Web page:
• Join over 1.2 million students every month
  • Accelerate your learning by 29%
  • Unlimited access from just £6.99 per month

What do you learn about Juliet's relationship with her parents and the nurse in Act 3 scene 5 (lines 68 to the end of the scene) Why is this scene so dramatically important to the rest of the play? How does Shakespeare use language and dramatically device

Extracts from this document...


GCSE ENGLISH AND LITERATURE COURSEWORK SHAKESPEARE UNIT: 'ROMEO AND JULIET' What do you learn about Juliet's relationship with her parents and the nurse in Act 3 scene 5 (lines 68 to the end of the scene) Why is this scene so dramatically important to the rest of the play? How does Shakespeare use language and dramatically devices effectively? In my presentation of Romeo and Juliet I gave a background to the play. The play Romeo and Juliet is about two star crossed lovers whose lives end up in a tragedy that brings two feuding families together. Before the start of this scene, there had been a fray between the Montague and the Capulet families. The fray ended with the death of Romeo's friend Mercutio and the death of Tybalt, Juliet's cousin who is killed by Romeo. The death of Tybalt causes Romeo to be banished from the city of Verona. Juliet hears of the incident and is upset, but grateful Romeo is still alive. In Act 3 Juliet impatiently waits for the arrival of Romeo. The nurse brings her news, that Romeo had been banished. She experiences strong emotional reactions. She uses oxymorons in her speech, which shows her conflicting emotions towards Romeo. ...read more.


Also Lady Capulet makes no attempt to try and understand her daughter's feelings as a mother of today might have done. She also mentions she would rather "the fool be married to her grave!" than to have Juliet disobey both Lord Capulet and her. In that statement Shakespeare uses the dramatic device of foreshadowing, Lady Capulet is unwittingly predicting what will happen later on in the play. In the scene between Juliet and her father, Lord Capulet asks Lady Capulet if she had delivered the news of their arranged marriage. Lady Capulet reveals to him that Juliet has refused to marry Paris. "Ay sir; but she will none" Lord Capulet's mood changes immediately. He is perplexed and furious over her disobedience. "How how, how how? Choplogic! What is this?" Juliet attempts to explain to her father. "Good father, I beseech you on my knees, hear me with patience but to speak a word." Lord Capulet is annoyed at her attempt to explain. "Speak not, reply not" Lord Capulet accuses Juliet of her ingratitude. He calls her a "young baggage!" and a "disobedient wretch" He then threatens to strike her "my fingers itch" He threatens to disinherit her if she fails to obey his commands. ...read more.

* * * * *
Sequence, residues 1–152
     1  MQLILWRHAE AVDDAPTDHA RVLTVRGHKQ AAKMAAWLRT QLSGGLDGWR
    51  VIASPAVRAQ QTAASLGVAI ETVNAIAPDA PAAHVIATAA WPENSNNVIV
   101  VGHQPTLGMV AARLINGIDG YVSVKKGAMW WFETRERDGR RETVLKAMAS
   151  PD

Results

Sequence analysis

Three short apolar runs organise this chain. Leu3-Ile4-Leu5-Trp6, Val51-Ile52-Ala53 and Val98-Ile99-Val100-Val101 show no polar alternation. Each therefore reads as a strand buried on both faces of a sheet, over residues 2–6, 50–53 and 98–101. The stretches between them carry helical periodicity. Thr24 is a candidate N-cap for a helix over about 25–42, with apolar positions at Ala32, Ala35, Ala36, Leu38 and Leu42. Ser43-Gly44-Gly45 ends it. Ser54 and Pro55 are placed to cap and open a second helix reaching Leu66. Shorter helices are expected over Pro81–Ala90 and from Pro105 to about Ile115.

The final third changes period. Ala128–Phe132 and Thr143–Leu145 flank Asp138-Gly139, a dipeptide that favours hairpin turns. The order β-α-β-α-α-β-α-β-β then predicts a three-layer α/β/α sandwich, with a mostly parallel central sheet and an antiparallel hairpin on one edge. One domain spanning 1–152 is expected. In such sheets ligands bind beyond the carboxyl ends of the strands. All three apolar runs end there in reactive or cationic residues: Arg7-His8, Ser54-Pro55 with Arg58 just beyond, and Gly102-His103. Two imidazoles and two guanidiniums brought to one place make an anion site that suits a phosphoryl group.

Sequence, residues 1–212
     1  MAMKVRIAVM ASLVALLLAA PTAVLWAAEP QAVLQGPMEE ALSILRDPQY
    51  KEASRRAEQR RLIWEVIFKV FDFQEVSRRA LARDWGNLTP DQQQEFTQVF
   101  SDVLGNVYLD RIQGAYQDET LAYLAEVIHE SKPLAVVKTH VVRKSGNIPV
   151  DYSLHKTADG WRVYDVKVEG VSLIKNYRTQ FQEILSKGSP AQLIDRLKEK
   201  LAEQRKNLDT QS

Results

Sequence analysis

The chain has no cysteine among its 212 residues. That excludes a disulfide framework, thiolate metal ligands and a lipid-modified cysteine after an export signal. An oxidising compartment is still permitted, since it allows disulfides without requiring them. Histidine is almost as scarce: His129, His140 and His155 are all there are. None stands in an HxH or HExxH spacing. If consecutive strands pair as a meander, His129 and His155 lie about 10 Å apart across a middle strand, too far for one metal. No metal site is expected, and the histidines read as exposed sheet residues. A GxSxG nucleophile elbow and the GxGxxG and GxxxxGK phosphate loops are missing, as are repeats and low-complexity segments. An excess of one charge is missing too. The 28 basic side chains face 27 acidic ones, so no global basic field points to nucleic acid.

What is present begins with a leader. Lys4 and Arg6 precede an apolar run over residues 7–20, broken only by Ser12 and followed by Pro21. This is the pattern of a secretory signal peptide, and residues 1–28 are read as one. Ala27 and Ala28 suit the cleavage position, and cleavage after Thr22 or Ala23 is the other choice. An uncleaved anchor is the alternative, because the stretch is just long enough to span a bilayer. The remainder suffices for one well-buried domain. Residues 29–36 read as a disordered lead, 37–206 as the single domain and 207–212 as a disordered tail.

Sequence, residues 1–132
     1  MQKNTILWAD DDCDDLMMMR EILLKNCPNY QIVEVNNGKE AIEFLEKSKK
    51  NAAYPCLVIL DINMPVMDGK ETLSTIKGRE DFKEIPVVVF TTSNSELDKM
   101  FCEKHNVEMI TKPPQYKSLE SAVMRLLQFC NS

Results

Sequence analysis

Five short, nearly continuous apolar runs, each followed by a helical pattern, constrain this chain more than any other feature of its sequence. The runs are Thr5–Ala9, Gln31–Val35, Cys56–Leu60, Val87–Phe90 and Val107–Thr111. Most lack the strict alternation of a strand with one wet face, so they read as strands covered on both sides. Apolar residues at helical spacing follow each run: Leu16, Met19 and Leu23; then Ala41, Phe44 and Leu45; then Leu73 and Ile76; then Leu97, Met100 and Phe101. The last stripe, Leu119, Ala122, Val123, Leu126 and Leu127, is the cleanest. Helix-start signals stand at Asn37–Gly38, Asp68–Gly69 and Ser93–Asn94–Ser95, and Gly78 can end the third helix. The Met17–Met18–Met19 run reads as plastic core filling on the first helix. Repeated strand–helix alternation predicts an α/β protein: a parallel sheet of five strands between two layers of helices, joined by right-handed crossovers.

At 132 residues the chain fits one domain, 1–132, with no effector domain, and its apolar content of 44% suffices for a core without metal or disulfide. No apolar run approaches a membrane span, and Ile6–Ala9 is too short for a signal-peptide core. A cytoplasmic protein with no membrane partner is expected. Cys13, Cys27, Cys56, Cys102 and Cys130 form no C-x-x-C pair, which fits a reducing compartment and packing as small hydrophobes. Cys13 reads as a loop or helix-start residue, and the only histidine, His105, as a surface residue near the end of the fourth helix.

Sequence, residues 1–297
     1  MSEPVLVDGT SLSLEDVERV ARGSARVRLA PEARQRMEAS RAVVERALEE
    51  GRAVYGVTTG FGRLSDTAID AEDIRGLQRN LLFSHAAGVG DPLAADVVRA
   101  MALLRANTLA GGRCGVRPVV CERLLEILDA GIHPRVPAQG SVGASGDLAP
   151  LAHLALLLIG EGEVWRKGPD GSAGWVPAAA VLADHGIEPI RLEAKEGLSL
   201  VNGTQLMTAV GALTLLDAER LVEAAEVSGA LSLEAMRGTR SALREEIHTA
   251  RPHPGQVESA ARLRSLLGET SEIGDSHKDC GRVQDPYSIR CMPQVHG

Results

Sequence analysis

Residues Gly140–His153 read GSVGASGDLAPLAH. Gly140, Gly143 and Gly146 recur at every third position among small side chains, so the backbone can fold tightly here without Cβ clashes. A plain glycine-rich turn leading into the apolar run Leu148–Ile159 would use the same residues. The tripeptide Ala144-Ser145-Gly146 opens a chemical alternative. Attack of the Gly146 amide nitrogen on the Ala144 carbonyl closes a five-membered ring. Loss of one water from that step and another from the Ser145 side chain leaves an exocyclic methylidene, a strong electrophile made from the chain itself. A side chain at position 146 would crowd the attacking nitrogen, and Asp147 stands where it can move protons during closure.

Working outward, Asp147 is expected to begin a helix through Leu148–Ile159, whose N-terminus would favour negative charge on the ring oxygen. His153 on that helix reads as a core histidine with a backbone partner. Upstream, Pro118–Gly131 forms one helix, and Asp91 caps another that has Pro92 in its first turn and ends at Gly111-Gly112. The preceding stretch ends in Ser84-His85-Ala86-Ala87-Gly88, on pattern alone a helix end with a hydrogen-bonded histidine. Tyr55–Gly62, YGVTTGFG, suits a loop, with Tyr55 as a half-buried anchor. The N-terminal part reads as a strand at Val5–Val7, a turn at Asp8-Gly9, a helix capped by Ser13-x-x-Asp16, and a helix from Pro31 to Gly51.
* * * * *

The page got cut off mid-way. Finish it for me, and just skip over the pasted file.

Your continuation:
The scene ends with Juliet stating, "If all else fail, myself have power to die! She is saying if all hope fails her life is in her hands and she can kill herself. In that statement Shakespeare uses the device of foreshadowing, to give the audience a hint about what is going to happen later in the play. This scene is very important to the whole play. Shakespeare portrays the characters in different aspects. Shakespeare uses a lot of dramatic irony in this scene. Lady Capulet believes Juliet is mourning over Tybalt, but Juliet is mourning over the loss of Romeo. When Lady Capulet mentions sending a servant to poison Romeo, Shakespeare uses ironic foreshadowing of Romeo's poison at his own hands. I summed it up by saying; this scene helps us to the relationship between Juliet and her parents as well as the nurse. It also informs us about the historical context of 17th century expectations of parents, by their aspirations and their word being laws. We also see how Shakespeare uses different dramatic devices and language throughout this scene to increase the tension and interest from the audience. Juliet answers her mum ambiguously. In the part between herself and her mother, we can see her devotion for Romeo as she is prepared to deceive her parents, for the sake of Romeo. ...read more.